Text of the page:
If you’re descended from Sicilians you can be part just-about-anything, because the island was constantly invaded. You can be a dark-skinned Sicilian descended from Moors or red-haired and descended from Vikings. My mother was a redhead and we’d joke about it all the time.
I knew that my father’s father’s family came from Greece at some point, and I’ve always assumed it was pretty far back. He told us that our surname originally began with a K and not a C and that sounded reasonable to me. But there was more:
“My mother was of French descent,” my father used to say. Again, I’ve always assumed that went pretty far back, too.
And then, I visited with my last surviving uncle on my father’s side. He is now 92 years old. I can’t believe it! We sat companionably on the sofa in his small apartment in a retirement home–a far cry from the million-dollar yacht he once lived on– and chatted about family history. Yes, my dad my have been a doctor but that uncle was clearly the most “successful’ of the brothers. I never saw the yacht, but I saw magazine photographs and it was quite something. But back to that small apartment and our conversation:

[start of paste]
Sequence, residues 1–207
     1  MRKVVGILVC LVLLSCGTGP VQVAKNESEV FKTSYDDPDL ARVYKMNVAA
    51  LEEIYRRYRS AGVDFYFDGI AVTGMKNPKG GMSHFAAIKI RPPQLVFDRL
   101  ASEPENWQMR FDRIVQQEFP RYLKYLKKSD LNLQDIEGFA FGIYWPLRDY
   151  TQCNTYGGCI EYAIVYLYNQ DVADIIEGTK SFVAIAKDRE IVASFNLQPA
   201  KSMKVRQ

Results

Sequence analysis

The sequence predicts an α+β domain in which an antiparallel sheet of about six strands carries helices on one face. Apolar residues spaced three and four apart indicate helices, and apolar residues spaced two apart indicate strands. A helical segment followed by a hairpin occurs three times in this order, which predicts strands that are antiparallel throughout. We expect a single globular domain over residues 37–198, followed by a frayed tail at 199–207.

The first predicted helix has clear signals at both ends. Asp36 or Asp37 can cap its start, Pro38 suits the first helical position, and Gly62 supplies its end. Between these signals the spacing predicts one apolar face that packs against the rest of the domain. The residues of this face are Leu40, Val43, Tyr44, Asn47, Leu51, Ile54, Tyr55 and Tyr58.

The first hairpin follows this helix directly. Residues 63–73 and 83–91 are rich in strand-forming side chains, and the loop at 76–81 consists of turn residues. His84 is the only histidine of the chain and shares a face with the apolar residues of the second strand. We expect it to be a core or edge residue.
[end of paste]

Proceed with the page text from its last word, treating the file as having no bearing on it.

“My mother was French,” my uncle said.
“How far back did that go?” I asked, as I took a sip of coffee.
“She was born in Marseille,” he told me. I practically spit out my brew.
She really was French. As in “born there.”
Now THAT was a surprise. I am actually 1/4 French. Whoa!
“She was the daughter of an ambassador,” he said, “and they moved to this little town in Sicily.”
How could that be? I wondered. Why would an ambassador get posted to a tiny village? and why would his daughter marry a stonemason whose prospects seemed slim?
Of course, a few years ago my uncle told me that their family wasn’t quite as poor as my father had made them out to be in stories that he told us. That my grandfather was fairly prosperous. My father is dead now and can’t clarify this for us, but the ambassador’s daughter born in France mystery is intriguing.
Uncle’s memory was pretty shot and there were no clear answers that day. But it’s certainly started me on a new hunt for family history.
I’ve never been to Marseille, but I learned that it is the second largest city in France.
If I were honest, I’d admit that I never liked France all that much. I’ve been to Paris maybe six times and I didn’t love it. Of course, I never went to Paris with a man I was in love with. Maybe that counts. M. has been to Paris many times and he does love it.
And another thing. My mouth doesn’t do French. Oh, it does a French kiss, just not the language. I can’t pucker in that certain Froggy way. Not that I ever took French, because I didn’t. But M has his high school French, plus he played the trumpet as a kid and has a good embouchure. So he’s got the pucker down pat.
And what is the deal with French laundry? What is it exactly?
More research is necessary, I think, and maybe some kissing practice.
I see a trip to France in my future. Maybe Marseille, you think?